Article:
Walking meditation is a bridge between formal sitting meditation and informal meditation in everyday activities. It is also useful if you want to meditate for long periods continuously. Alternating sitting and walking provides a way to relieve the stress on your body without ever leaving meditation entirely. Walking also serves as an antidote to both the tiredness and restlessness that can obstruct meditation.
Walking meditation is easiest in a quiet place without distractions or obstacles. An empty room large enough to walk in circles is suitable. Even better is an unobstructed natural setting, such as a park. Walking meditation is valuable but more difficult in an urban setting.
Walk with your eyes looking downwards at about 45 degrees, but keep the head upright. Allow your gaze to move smoothly over the ground, rather than jumping from one point to the next. This is much easier if you allow your eyes to relax and defocus, so that your vision is slightly blurred.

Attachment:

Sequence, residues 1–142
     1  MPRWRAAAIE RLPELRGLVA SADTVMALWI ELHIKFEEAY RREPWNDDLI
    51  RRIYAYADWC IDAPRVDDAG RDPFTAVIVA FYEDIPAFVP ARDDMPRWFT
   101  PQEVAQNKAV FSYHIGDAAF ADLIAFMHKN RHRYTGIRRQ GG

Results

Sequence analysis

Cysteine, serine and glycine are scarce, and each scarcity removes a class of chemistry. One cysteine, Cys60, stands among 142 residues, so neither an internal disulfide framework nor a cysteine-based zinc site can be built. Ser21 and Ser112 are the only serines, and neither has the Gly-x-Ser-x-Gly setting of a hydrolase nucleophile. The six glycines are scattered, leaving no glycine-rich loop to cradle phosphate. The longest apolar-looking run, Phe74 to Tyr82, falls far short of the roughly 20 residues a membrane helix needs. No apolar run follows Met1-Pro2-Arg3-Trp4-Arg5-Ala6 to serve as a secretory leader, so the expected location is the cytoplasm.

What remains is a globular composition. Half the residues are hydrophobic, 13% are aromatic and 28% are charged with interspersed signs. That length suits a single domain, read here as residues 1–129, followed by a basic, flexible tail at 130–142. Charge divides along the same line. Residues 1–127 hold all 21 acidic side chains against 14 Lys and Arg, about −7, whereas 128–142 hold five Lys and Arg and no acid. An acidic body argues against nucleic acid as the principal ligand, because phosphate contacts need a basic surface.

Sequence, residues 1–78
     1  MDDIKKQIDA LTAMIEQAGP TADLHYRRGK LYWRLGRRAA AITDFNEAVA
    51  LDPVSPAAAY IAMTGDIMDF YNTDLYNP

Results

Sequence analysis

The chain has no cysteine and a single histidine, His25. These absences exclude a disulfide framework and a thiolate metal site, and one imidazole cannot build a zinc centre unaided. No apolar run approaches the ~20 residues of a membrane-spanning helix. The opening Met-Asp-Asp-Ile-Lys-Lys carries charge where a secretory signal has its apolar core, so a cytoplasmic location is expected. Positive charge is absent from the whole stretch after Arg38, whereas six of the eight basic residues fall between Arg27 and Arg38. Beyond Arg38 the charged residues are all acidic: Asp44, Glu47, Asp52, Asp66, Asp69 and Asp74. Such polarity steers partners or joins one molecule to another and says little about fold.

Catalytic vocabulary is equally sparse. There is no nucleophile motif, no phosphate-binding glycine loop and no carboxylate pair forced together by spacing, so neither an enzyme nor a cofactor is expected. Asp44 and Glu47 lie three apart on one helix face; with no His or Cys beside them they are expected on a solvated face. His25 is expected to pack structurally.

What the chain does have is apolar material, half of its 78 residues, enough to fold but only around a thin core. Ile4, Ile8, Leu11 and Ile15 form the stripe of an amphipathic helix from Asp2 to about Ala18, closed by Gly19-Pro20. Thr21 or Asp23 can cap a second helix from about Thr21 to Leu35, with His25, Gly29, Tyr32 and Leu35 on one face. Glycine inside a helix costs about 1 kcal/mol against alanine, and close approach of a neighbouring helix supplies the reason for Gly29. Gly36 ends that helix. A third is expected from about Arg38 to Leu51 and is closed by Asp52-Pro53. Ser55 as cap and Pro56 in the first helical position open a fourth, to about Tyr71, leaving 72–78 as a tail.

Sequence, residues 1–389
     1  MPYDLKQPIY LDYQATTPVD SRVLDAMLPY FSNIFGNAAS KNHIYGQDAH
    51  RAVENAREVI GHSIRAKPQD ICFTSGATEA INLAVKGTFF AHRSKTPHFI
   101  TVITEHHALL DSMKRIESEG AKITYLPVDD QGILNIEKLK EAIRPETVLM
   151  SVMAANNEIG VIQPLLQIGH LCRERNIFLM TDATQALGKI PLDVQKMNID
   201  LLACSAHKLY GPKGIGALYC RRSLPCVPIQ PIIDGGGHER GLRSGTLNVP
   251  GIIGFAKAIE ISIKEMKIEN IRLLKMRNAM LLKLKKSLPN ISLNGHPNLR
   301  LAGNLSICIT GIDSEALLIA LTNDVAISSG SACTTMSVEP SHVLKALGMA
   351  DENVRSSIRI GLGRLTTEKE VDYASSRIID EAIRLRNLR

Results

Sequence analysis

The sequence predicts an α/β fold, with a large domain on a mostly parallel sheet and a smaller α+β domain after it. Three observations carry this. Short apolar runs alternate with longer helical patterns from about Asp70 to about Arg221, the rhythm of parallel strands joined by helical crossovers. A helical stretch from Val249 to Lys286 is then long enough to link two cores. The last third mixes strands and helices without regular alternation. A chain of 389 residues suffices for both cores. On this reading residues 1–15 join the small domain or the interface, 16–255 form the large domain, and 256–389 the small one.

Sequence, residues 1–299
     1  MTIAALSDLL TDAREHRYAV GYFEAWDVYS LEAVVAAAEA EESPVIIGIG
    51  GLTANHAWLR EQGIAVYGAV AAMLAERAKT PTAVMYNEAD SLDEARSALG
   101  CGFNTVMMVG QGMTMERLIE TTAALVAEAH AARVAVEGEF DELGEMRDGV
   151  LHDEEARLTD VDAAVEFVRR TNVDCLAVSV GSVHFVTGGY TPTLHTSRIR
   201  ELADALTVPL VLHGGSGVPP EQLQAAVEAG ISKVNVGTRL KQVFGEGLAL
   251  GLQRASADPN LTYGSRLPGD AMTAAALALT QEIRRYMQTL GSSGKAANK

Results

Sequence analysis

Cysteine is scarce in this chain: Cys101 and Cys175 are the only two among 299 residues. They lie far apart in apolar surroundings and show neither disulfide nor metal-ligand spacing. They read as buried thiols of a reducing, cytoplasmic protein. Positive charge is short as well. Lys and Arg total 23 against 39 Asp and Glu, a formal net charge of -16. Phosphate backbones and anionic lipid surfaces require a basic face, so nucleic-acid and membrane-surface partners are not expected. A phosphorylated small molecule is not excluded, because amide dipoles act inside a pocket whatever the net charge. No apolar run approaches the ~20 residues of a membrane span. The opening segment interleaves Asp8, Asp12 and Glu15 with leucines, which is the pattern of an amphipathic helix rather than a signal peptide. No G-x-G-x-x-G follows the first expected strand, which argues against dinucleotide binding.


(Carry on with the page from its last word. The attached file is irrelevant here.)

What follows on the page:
Be aware of each part of your foot as it presses the ground in succession. Be aware of sensations: of your trousers brushing your legs, of the rhythmic contractions of leg muscles, of the slight brush of air against your skin. This is easier if you walk at about half the normal speed.
When you find that you are distracted by thinking, return to find the presence of awareness in sensations.
Pay no particular attention to the objects around you, but be aware of your body moving through space. As a variation, feel that you are motionless and that space is gliding past you.
Try this for fifteen minutes. That is enough to get the flavor. With experience, you can engage in walking meditation for periods of seconds to hours, and any time you need to walk.